A vinuous symposium in the queen of cities saw the first of many conversations that would become the ingredients of The Spy Chronicles: RAW, ISI and the Illusion of Peace. It was May 2016, and ex-Research and Analysis Wing (RAW) chief A.S. Dulat, former Inter-Services Intelligence (ISI) chief Asad Durrani and I were to meet in Istanbul following a Track 2 ‘intel dialogue’ between retired officials from India and Pakistan. Our project was hush-hush. On my Turkish Airlines flight, however, I espied the academic Ananya Vajpeyi a few rows behind me. Oh no. Where do I hide? I slouched into my seat. But eventually, all flights land. As soon as I stood, the inevitable “Aditya!” rang out. She was visiting her spouse Basharat Peer who was in the city, writing. And I? “Um, a Track 2 meet,” I lied. “Oh, which one?” she asked. “Ah, the usual, peace and conflict, etc,” I mumbled, and fled the plane. A close one.
That night, spies descended on my hotel room for ‘happy hours’. Besides Dulat and Durrani, the celebrants were former Pakistan High Commissioner Aziz Ahmed Khan and ex-RAW chief C.D. Sahay. (Former Intelligence Bureau special director K.M. Singh and the ISI’s ex-chief Ehsan-ul Haq preferred to report to their bosses. Yes, their wives.) Sahay is a teetotaller, but Aziz was well and truly liberated, telling ribald jokes, his face turning ruddy with each roar of laughter. Dulat is an inscrutable drinker; Durrani nods his head continuously, like a doll at Shankar’s Museum in Delhi. We stumbled up to the terrace for dinner, and along with the uxorious gentlemen (and the wives), talked volubly about the popularity of Pakistani TV serials. “That’s in north India,” I interjected, uninvited. “In the northeast, Korean serials are the most popular.” A hush descended on the table, as if I had just set Indo-Pak relations back a decade.
January 2017 at a hotel on the Chao Phraya river in Bangkok: despite six months apart, Durrani has grown used to me. He still has a fauji’s disdain for journalistic recklessness and indiscipline. One breakfast we shared a table, and he opened up about the memoir he had long been toiling over. My alarm bells sounded: a ‘scoop’ must be guarded more closely than any secret. His memoir should not clash with our book. “It may confuse the readers,” the publisher, with an eye on sales, later agreed. Durrani emailed me the PDF of Pakistan Adrift in December and I sighed in relief. It’s as reliably turgid as any bureaucratic memoir; what need has the ISI for the rack when it can break a captive thus?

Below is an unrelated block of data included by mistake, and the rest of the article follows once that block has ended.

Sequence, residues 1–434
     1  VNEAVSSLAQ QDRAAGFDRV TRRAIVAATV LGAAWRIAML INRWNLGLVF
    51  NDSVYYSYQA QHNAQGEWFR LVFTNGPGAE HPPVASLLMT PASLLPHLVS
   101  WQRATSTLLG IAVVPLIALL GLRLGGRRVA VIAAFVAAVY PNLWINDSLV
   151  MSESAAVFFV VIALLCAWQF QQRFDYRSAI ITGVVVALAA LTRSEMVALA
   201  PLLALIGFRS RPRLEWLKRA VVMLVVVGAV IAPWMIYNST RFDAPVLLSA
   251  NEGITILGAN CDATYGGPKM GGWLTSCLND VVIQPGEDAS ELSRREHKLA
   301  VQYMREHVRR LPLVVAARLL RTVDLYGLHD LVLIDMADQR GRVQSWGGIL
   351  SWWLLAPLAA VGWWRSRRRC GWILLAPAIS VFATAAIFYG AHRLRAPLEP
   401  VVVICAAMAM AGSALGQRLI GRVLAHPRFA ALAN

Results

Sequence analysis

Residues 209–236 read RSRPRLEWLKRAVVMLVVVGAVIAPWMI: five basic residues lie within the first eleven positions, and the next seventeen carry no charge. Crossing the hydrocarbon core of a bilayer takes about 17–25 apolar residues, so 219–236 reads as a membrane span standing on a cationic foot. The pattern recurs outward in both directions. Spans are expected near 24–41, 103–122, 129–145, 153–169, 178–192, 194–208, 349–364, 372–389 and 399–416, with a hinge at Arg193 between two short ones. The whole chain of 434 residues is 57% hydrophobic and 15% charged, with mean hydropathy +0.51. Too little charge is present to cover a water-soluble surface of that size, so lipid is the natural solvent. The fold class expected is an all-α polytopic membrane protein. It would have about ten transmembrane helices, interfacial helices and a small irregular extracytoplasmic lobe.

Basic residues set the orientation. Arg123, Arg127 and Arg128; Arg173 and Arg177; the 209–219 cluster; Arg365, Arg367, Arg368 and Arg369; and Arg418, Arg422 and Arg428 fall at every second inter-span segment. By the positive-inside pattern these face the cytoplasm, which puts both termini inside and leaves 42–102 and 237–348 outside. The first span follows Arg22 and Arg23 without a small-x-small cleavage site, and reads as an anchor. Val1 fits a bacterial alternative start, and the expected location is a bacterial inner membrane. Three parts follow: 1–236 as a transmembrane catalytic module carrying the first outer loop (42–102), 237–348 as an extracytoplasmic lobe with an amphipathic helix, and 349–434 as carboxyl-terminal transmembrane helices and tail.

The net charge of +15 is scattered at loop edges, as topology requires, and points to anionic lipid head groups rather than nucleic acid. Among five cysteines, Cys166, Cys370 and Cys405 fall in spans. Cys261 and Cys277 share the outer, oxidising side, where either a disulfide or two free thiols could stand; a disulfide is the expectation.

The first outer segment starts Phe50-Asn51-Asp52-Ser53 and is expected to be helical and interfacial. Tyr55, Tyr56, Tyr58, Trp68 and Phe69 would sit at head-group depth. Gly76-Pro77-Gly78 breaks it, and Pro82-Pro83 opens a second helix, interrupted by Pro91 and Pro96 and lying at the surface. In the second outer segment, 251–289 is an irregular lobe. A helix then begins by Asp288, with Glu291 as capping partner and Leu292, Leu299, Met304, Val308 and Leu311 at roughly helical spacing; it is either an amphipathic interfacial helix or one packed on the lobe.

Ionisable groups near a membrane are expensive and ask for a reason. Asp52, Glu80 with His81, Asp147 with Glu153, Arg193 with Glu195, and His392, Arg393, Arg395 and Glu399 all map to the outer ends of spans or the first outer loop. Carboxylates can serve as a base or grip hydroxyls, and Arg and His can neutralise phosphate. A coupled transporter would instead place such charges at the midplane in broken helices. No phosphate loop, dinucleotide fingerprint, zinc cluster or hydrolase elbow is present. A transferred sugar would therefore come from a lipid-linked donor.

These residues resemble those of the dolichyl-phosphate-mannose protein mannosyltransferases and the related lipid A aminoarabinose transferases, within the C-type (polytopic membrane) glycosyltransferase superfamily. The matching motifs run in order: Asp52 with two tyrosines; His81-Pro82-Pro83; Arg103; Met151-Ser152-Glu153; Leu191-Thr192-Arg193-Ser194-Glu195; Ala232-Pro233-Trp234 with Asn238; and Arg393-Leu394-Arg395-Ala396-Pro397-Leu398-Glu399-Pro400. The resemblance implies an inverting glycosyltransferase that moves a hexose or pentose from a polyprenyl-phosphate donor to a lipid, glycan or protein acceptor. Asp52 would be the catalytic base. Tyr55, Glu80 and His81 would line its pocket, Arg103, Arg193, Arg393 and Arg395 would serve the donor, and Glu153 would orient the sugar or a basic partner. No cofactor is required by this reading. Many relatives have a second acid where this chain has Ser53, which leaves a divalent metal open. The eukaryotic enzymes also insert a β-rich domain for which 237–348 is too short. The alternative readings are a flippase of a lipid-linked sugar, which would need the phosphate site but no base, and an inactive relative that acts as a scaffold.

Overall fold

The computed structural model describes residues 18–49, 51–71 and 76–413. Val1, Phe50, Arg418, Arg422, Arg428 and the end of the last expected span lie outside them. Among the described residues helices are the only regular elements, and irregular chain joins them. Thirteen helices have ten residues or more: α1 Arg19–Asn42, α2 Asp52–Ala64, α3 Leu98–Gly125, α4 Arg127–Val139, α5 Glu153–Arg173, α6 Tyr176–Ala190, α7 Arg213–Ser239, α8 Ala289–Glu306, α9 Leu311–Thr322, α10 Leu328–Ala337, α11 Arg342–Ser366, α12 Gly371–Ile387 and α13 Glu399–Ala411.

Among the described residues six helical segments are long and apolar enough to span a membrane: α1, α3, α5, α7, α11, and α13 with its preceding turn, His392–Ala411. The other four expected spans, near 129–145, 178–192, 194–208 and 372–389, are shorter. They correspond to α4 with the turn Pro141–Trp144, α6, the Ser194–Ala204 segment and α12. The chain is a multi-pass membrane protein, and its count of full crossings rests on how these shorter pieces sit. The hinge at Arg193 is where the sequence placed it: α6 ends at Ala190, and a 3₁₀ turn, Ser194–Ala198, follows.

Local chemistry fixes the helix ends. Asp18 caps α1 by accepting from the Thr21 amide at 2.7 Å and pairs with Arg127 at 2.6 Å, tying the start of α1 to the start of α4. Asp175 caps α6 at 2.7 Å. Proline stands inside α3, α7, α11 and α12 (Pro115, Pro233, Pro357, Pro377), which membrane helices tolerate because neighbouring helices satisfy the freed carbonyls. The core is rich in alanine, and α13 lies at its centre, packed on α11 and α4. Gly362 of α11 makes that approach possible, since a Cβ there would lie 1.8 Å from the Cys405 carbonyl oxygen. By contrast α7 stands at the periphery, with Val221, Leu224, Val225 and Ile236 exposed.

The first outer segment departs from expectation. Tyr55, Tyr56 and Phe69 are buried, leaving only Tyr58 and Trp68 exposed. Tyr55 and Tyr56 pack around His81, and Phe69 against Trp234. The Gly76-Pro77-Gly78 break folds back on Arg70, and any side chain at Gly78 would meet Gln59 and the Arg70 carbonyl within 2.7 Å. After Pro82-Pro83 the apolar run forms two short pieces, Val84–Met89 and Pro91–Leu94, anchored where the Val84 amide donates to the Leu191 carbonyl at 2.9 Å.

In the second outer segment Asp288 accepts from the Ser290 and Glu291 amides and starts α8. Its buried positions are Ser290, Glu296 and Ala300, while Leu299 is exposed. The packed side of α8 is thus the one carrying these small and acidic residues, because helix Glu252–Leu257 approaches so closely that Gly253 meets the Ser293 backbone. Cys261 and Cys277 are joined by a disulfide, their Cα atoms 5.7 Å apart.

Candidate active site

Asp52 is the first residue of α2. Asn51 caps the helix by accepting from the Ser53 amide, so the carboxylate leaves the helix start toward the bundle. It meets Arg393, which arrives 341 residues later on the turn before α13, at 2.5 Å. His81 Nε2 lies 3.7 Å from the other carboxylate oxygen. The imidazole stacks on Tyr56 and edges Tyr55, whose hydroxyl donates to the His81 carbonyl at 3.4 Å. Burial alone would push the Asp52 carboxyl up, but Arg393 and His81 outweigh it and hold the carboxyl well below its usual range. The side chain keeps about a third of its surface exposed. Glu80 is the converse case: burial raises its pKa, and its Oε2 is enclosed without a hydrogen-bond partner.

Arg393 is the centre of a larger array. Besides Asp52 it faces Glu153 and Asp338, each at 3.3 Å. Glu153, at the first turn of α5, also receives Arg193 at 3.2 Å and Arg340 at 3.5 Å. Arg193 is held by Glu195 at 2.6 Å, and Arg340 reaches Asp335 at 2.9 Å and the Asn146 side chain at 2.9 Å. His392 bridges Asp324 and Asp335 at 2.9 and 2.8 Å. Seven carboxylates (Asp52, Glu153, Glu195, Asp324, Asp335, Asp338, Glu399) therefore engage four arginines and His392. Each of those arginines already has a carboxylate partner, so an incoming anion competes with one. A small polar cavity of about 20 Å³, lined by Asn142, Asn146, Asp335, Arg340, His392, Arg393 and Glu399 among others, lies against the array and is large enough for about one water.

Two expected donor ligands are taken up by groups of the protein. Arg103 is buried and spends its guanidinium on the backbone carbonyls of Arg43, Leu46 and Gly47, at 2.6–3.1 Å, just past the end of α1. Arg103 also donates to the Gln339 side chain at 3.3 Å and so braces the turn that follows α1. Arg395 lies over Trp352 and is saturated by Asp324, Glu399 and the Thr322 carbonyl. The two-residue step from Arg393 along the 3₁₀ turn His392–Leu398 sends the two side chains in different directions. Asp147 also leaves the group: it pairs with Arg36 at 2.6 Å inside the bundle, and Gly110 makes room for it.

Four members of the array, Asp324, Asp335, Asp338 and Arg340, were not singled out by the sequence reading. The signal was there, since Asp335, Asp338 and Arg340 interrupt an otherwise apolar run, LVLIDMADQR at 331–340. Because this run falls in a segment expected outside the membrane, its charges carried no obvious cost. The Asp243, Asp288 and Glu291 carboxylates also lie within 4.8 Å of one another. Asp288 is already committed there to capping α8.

Dulat wanted to inject some momentum into the project, and so we made our way to Kathmandu at our own expense as March drew to a close. The pollution was so oppressive that when we made the 20-minute stroll from our hotel to Thamel for lunch, we could barely see each other—and it was high noon. A glut of dinner invitations: Dulat had lived in the city during 1976-80 and had many friends from those days. We accepted two. The second was a dinner party, and our host was hard of hearing. As he ambled around the room pouring the scotch, he would gesture at Durrani and loudly ask: “Is that really a Pakistani? What is he doing in my house? Is he really an old ISI chief?” Durrani, to his credit, was nonplussed. Ironically, in the late ’70s, the host had been bosom friends with the ISI station chief.
Our last sessions were in October 2017 at a hotel in Sukhumvit, Bangkok, again following an ‘intel dialogue’ between the two countries. The Pakistanis were in a foul mood. The Indians had been combative, inflicting on them the most unkindest cut of all—presentations. It perhaps negated the idea of Track 2. We knew the Pakistanis were keeping their GHQ informed about the dialogue, but we didn’t account for the Indians wielding a ‘muscular’ brief from their top dog.
Each spy chief had had his doubts as the book progressed. Durrani never said as much, but on a couple of occasions it was clear that he was getting cold feet. Dulat twice privately wondered whether it was worth going ahead. He never explained his anxiety, but I could guess— word had leaked to the government and it was unhappy. (This explains the anaemic press coverage upon the book’s release; one major newspaper at the last minute withdrew its plans for a Sunday spread).
In these final days, Durrani was slow to warm up, and had to be defrosted. We chatted about this and that—I had loads of questions—and as we sat in a business lounge, a young Russian voice rang out, calling for General Durrani. The gentleman had recently organised a conference in Russia on Afghanistan that Durrani had attended— the Russians in the last few years had devoted attention to him, as India inched closer to the US —and hey presto, the same gentleman was in our hotel, on holiday. Durrani perked up immensely as they exchanged hugs and introductions. The Russian soon departed for sightseeing, and Durrani plunged into the discussions with renewed vigour. Dulat smiled at me and winked.
(The writer is a former editor of The New Indian Express and an author)